The underrated wisdom of the Hanson brothers

This past Oct. 2, I was sitting in a bar at Universal Studios. My husband and I had just toasted my brother and his brand-new (like, of the past hour) fiancée, and we were on our second drinks in preparation of the madness of Halloween Horror Nights; since we’d spent the entire day at the parks already, we needed something to keep our adrenaline going. Our twenties are gone, after all, and the Orlando heat and humidity like to stick around for longer than acceptable. Which makes theme-park days oh so fun.

The guy in the bar who’d been playing guitar and singing to entertain everyone for the past hour wrapped up a rendition of “Blister in the Sun” and promptly began on something else.

“Is this ‘Jack and Diane’?” my husband asked.

As a casual John Cougar Mellencamp fangirl, I listened intently. And then my eyes grew wide.

“Dude, no, he’s playing ‘MMMBop.’ HE’S PLAYING ‘MMMBOP.’”

And he was.

Being in a public place, completely sober Jen would’ve bobbed her head up and down to the music and either mouthed the words or sang along under her breath. But two-drinks-in-and-yet-to-have-dinner Jen said, “THIS IS MY JAM!” loudly and waved her arms around while everyone else in the bar side-eyed this guy like, “Is he serious right now?” and a few even threw looks in my direction that clearly said, “Gurl, aren’t you like 30?” YES, SIR, but the youngest member of Hanson is almost 30, so there.

Slightly buzzed Jen was right to react this way, though, because she (and every single Hanson fan, as we will tell you) has to overcompensate to make up for the naysayers – the ones whom we’ve been silently rolling our eyes at for years every time we mention Hanson. Yes, THAT Hanson – the band that became famous in summer 1997, when its members’ median age was 14 and I was 12. But I’m used to it, and to be honest, I don’t care anymore. Because Hanson has given me so much, and that’s enough.

When I felt lost at 12 years old, I could listen to “Weird” from their first studio album, Middle of Nowhere (the same album as “MMMBop”) – the anthem for kids who felt out of place. When I was crushing on a guy who barely looked in my direction freshman year of high school, I could listen to “If Only” from their follow-up album This Time Around and maybe work up the courage to mention homecoming in his presence. My favorite Hanson song to date, “This Time Around” (which is obviously from the same album), taught me that being knocked down to the point where you feel completely defeated can become your time to shine the brightest, if you let it.

But by high school, I never would’ve admitted in a million years to being a Hanson fan. Because then, I really didn’t understand the impact they’d have on my life. It wasn’t until I saw them live for the first time, in 2003 – my freshman year of college, when my then-suitemate dragged me to one of their shows – that I saw how not only their lyrics and music, but their dedication to the world around them would inspire me.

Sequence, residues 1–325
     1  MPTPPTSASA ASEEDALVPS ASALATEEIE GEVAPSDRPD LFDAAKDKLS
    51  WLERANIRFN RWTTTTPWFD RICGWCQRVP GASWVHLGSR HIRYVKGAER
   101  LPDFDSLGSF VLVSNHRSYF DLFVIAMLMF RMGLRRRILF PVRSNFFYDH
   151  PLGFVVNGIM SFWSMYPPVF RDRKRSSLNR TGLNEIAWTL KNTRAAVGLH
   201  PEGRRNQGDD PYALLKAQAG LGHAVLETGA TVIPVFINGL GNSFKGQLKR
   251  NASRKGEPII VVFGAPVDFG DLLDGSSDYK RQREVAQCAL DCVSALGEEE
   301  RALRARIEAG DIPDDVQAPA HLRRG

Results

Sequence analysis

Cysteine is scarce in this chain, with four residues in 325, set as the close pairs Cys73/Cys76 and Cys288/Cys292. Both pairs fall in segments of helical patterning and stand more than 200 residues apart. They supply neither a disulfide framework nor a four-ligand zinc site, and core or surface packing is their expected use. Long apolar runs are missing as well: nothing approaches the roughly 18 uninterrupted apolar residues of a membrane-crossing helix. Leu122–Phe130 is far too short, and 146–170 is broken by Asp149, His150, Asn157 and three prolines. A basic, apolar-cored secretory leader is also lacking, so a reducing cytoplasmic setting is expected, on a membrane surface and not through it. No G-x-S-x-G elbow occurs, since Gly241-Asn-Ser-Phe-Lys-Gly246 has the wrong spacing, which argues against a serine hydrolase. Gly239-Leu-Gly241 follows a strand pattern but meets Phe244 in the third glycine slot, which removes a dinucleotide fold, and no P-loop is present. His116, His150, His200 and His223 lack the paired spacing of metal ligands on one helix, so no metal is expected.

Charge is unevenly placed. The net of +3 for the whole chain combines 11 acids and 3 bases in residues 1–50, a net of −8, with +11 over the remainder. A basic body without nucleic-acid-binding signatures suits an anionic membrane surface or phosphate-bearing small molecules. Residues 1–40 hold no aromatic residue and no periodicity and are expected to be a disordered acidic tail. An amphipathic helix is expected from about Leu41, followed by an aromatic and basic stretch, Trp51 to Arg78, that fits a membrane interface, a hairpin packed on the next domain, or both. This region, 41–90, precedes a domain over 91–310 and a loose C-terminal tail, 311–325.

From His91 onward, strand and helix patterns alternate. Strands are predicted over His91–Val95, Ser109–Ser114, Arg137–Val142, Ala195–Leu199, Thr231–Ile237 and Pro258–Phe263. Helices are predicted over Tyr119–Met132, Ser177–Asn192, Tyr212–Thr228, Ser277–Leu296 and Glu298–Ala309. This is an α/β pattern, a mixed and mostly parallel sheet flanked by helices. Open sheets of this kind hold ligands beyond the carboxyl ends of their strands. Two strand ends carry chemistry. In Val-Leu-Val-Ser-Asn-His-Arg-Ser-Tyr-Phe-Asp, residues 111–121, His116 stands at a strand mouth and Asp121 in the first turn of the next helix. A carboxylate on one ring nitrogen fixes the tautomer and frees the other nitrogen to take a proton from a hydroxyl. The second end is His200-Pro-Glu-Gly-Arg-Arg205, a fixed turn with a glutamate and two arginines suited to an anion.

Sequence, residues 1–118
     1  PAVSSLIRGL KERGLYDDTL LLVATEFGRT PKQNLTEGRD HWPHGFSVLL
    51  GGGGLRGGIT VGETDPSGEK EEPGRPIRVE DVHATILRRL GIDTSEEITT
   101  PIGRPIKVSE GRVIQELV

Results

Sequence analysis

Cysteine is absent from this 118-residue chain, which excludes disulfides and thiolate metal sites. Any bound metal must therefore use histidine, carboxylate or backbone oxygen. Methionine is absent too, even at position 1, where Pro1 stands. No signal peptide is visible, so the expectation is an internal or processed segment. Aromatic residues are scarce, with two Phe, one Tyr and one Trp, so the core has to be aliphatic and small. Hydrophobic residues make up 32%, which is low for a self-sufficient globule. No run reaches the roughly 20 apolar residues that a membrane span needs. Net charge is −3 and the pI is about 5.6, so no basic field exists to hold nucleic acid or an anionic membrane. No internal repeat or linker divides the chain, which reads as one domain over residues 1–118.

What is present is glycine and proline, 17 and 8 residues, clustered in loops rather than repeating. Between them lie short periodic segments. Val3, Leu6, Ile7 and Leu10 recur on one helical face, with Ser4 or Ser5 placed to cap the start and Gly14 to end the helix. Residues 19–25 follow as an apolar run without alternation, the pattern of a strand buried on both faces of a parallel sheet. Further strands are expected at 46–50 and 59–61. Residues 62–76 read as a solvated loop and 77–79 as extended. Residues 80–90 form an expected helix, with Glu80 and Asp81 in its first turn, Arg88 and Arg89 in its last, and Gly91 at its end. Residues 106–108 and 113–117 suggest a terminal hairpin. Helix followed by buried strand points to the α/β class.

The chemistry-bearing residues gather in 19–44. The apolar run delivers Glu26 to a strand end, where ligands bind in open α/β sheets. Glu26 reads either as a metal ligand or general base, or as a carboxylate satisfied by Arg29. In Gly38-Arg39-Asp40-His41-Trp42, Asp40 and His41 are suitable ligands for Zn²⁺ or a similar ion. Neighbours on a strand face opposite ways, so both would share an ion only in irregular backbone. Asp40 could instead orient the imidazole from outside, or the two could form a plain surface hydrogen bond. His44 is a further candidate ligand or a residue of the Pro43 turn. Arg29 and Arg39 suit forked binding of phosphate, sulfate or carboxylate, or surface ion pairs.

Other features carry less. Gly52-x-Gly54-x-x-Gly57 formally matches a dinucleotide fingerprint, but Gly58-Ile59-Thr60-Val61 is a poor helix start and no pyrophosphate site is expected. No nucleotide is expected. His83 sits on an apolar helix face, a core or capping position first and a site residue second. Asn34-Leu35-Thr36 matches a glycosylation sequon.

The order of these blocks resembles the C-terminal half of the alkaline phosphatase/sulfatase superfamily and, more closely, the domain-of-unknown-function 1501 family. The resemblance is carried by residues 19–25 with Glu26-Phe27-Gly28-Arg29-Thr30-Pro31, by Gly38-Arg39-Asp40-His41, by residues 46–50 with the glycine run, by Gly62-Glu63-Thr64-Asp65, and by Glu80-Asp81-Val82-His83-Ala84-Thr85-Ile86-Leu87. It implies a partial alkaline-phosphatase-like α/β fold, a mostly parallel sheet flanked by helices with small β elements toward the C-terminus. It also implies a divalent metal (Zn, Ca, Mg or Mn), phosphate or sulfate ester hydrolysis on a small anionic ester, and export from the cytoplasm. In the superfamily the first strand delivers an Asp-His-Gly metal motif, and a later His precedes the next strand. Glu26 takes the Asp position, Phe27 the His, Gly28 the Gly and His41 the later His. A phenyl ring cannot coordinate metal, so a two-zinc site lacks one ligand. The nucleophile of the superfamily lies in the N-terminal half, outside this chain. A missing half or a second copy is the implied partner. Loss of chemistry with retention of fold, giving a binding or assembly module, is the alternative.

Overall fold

These guys left their record label and opened their own 12 years ago this month. They called their label 3CG Records, after their early compilation 3 Car Garage – originally recorded when they were all under 15 years old. Their journey in breaking out on their own and the struggles they endured as brothers and businessmen to make the music they wanted to make and stay true to their roots birthed a documentary called Strong Enough to Break, as well as their most inspired (and best, in my opinion) album: 2004’s Underneath. The lyrics and melodies on that album got me through so many tough first-year-away-from-home moments it’s not even funny. I even named my cat, Penny, after my favorite song on that album: “Penny and Me,” whose music video starred Samaire Armstrong of The O.C. fame.

Since 2003, these guys (who are all long since men now, each with multiple children of their own) have embarked on multiple ventures even outside of music that have made them that much more worthy of respect. Between 2004 and 2006 they recorded the 2007 album The Walk in Africa, and used the accompanying tour to promote the fight against HIV/AIDS and poverty in Africa. In fact, they still hold group walks when they’re touring to continue to raise awareness for this cause.

Today, Hanson is still rooted in pop music, with their signature blues, rock, and soul influences. They play a lot of oldies – both of their own, as well as covers of some of their favorite inspirations, like Bill Withers, The Beatles, and Michael Jackson. They also maaaay have covered Taylor Swift and TLC. The music video for their most recent single – “Get the Girl Back,” from their 2013 album Anthem – starred Nikki Reed and Kat Dennings, both of whom are self-proclaimed Hanson fans.

And to this day, Hanson still plays “MMMBop” at pretty much every single show. I’ve seen them more times than I can count, and not once did they leave it off the set list. People ask why, and I tell them the truth: They know what they owe their success to, they’re grateful, and they hold their heads high. And they should, because “MMMBop” is an amazing, deep song that doesn’t get the credit it deserves.

At that show in fall of 2003, I became a born-again Hanson fan. I haven’t looked back since, and I’ve never once in the past 12 years hesitated to defend this amazing group of musicians who have worked tooth and nail for what they have today, as well as the respectable legacy they have both taken from and left on the music industry. They’ve inspired me to be who I am and never apologize for it. Because I’ll only live once, and my life is too short to pretend to be anything other than myself – and that includes being a Hanson fan. And a Zac girl. Because even when I’m 95, I will still be a Zac girl.

Happy birthday, 3CG Records – and thank you, Hanson, for living the life we should all aspire to live.

[Image courtesy 3CG Records]

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